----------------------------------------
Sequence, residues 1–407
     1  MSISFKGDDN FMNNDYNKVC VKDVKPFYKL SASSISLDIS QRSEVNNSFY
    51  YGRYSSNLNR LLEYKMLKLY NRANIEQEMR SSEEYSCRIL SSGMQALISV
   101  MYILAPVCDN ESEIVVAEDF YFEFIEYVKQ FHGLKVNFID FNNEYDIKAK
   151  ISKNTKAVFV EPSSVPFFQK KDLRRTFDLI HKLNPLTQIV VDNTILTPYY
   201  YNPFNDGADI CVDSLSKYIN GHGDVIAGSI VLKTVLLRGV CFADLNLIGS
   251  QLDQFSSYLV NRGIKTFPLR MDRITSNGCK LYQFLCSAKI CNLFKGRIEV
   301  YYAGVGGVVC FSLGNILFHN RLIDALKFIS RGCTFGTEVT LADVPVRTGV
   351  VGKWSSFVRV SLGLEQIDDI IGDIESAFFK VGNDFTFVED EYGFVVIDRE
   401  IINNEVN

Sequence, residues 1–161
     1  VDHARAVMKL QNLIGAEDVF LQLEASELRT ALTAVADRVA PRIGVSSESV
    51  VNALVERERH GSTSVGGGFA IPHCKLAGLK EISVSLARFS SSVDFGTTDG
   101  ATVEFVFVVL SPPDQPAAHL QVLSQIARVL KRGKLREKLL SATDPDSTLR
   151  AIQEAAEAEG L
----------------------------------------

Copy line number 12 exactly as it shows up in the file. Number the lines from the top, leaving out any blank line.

     1  VDHARAVMKL QNLIGAEDVF LQLEASELRT ALTAVADRVA PRIGVSSESV